Is saturated fat a healthy fat?

24th May

The case of saturated fat makes a compelling story of research (misinterpreted), egos (that were too big) and herbivorous rabbits force fed a carnivore's diet in an experiment sponsored by money that came from all the wrong places. Big mistakes and an even greater blow to our health.

Cholesterol horror stories have been repeated for far too long and are unsettlingly different from long-established scientific facts. The following two quotes from the American Journal of Clinical Nutrition may really surprise you:

“There is no significant evidence for concluding that dietary saturated fat is associated with an increased risk of coronary heart disease or cardiovascular disease.” And,

“Despite the conventional wisdom that reduced dietary saturated fat intake is beneficial for cardiovascular health, the evidence for a positive, independent association is lacking.”

Finally... we can explain why our ancestors, whose energy came mostly from animal fat, did not all die from heart attacks!

In fact, up until the 1930s heart disease was very rare. Today it kills more men than anything else (and is the second biggest killer for women). A steady increase in its grim consequences has begun with the introduction of low fat recommendations by the government. Lesson learned..?

Is animal fat a healthy choice?

Yes, fatty meat and dairy are good for you. The fat content of bacon, for example, is approximately

● 40-50% saturated fat,
● 40-50% mono-unsaturated fat (the type found in olive oil), and
● 10% polyunsaturated fat (aka omega 3s and 6s);

it's a near perfect ratio of fats found naturally in the human body (ponder this alone) and an absolutely essential mix that propels energy production, ability to use fat as fuel, adequate sex hormone levels and... your sanity - the brain is the fattiest organ in the body. It's composed of nearly 60% of fat and is very cholesterol hungry. Don't feed it and you'll run into trouble.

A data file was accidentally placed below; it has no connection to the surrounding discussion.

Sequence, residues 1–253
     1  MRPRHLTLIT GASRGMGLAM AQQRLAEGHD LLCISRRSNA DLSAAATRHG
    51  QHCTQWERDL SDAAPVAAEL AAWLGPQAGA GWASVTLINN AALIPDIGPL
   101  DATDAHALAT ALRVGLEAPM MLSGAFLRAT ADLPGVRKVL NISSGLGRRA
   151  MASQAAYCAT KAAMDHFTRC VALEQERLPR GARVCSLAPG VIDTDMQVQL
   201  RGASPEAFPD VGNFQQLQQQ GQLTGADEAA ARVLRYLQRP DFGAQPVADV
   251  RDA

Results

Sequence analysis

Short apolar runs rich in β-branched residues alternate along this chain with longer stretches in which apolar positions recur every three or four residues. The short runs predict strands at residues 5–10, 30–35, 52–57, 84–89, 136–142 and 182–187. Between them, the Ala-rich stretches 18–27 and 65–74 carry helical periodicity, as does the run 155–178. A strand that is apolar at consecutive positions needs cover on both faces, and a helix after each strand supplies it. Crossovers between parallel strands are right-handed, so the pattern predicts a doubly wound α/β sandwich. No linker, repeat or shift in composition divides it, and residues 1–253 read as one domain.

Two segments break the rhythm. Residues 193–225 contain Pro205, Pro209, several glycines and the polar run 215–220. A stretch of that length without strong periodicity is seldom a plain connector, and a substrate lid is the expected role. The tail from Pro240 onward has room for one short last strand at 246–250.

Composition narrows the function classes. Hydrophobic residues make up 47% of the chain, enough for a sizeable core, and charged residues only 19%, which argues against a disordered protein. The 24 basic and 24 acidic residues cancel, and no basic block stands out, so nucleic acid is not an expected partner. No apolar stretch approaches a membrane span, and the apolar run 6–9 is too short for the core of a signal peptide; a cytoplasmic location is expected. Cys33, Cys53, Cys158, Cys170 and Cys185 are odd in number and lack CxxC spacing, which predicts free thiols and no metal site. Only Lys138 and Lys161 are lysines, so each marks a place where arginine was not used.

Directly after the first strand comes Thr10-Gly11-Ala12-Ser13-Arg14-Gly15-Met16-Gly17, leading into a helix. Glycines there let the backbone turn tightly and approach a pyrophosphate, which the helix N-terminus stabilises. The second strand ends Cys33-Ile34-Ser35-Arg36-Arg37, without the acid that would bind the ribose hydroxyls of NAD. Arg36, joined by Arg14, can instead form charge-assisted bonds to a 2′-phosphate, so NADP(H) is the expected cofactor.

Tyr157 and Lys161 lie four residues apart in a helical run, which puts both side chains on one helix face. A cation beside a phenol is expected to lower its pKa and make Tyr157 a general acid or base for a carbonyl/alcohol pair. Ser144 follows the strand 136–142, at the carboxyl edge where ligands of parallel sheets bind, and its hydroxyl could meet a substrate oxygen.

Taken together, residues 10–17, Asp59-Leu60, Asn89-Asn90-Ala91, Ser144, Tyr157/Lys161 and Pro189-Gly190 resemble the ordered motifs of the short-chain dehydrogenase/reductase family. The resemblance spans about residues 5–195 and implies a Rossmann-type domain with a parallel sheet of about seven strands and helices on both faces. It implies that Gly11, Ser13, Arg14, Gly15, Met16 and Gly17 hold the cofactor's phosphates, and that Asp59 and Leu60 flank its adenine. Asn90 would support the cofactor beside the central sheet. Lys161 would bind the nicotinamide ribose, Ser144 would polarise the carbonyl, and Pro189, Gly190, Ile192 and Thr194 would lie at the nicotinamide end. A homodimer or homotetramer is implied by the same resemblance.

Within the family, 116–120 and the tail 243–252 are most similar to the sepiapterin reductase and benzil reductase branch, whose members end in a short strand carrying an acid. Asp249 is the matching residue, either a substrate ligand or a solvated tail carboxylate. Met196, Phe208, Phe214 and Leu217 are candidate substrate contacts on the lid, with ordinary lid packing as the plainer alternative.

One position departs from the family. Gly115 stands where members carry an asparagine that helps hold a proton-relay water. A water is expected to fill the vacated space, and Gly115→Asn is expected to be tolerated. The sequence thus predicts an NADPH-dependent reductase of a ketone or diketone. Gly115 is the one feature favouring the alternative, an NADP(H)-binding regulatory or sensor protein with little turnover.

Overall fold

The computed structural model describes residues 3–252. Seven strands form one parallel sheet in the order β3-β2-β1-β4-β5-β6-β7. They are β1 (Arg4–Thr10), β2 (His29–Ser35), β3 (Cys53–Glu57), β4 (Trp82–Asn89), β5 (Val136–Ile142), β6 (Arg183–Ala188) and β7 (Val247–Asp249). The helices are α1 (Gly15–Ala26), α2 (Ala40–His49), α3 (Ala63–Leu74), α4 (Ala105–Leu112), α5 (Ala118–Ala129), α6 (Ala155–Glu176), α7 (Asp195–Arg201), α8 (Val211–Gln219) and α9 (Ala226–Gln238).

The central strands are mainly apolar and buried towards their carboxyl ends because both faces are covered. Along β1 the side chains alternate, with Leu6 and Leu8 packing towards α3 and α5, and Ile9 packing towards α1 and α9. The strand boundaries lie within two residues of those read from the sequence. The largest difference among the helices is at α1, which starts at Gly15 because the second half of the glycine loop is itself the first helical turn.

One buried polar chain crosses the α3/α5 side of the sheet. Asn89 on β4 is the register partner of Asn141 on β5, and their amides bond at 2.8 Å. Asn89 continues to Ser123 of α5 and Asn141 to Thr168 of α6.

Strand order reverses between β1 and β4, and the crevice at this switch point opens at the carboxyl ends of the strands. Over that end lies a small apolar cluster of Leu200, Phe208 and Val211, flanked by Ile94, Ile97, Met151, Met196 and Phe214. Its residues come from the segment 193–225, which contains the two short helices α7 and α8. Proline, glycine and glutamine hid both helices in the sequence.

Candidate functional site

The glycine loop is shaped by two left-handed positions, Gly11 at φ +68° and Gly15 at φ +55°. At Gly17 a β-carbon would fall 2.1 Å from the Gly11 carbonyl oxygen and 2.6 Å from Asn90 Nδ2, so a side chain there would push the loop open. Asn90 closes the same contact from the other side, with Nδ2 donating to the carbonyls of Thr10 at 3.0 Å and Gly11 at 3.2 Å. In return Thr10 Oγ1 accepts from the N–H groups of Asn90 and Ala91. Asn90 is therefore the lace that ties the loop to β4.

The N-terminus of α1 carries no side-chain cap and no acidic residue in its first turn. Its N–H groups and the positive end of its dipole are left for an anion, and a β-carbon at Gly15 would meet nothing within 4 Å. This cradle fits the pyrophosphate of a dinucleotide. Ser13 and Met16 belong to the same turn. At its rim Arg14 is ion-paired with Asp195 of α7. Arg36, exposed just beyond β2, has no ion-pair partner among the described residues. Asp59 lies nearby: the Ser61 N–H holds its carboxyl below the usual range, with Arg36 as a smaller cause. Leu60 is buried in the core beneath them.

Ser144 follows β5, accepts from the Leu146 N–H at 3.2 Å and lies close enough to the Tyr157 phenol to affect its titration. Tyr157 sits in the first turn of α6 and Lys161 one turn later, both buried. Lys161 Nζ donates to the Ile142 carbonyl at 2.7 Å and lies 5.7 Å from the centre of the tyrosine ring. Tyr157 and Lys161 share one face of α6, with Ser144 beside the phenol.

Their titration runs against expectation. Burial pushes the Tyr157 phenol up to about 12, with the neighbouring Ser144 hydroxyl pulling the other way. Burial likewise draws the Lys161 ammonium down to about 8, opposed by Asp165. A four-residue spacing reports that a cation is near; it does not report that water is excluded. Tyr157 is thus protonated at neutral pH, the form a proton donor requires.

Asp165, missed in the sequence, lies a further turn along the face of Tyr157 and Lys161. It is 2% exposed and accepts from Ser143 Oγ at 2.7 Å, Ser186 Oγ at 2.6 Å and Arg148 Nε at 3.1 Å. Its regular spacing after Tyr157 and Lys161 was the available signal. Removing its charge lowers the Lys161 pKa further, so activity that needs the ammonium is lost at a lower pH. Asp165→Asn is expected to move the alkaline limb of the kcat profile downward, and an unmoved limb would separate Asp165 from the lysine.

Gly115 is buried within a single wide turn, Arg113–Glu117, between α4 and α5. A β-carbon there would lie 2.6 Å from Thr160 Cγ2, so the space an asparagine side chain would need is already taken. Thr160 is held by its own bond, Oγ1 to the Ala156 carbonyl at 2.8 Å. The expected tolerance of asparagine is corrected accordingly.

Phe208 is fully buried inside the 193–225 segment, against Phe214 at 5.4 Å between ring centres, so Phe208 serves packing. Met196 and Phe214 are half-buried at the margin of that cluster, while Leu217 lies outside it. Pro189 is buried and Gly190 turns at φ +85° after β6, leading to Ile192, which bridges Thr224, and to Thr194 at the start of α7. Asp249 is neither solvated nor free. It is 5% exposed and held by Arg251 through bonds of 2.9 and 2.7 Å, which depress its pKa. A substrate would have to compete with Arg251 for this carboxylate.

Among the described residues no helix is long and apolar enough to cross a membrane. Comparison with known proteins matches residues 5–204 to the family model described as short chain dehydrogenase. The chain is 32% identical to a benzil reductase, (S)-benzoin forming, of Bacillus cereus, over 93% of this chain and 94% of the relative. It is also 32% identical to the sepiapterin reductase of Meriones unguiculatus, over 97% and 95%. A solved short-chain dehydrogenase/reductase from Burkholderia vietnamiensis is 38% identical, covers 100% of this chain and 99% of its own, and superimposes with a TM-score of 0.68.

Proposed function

Replacing animal fats with vegetable oils is a very bad idea

Vegetable oils contain a lot of omega 6s which poses a problem. According to (trustworthy) studies we eat (way) too much omega 6 in relation to omega 3. This increases inflammation which is at the root of many modern (and proliferating) ailments such as heart disease, diabetes and obesity. These oils are also highly unstable – they oxidise easily during production or cooking to deliver an even harder hit to your health. Oils from rapeseed/canola, sunflower, corn, safflower or soy are something you should never consume.

There are safe and beneficial plant based oils (but only when they are cold pressed):

● avocado oil
● nut oils (not peanuts)
● coconut oil
● olive oil

Still, animal fats should be the main source of fat in a healthy diet:

● fats from grass-fed and free range meat (it has 2 to 5 times more omega-3s than grain-fed)
● grass-fed, non homogenised (!) dairy, including butter and cream● oily fish

Beware that organic dairy is a marketing scam – it doesn't come from grass-fed cows and can be (and most often is) homogenised. This leads to another important point to bear in mind.

Quality matters!

Protein, carbs or fats are never bad in themselves. But poor quality fat, as any other food or macro-nutrient, can be.

Fat tissue is where we store toxins. As animals do the same, eating fatty meat or dairy of inadequate quality becomes a toxic burden. A healthy standard is meat from stock that was not fed corn, soy or other heavy metal laden grains that produce a sub-par structure of fat. You also don't want fat (or meat) from animals who were given antibiotics, growth hormone and all the other nasty stuff large farms like to use.


'Quality' also relates to the chemical structure of the fat - oxidised fatty acids cause inflammation to the detriment of your mitochondria. Put simply, if the mitochondria are not healthy, neither are you. Practically any processed meat will contain oxidised fat (i.e. fat damaged by high temperatures). To that, producers add a long list of chemicals and preservatives you really, really don't want to be putting in your body.

In the next article we'll explain why you need fat in your diet to maintain a lean body. Until then.

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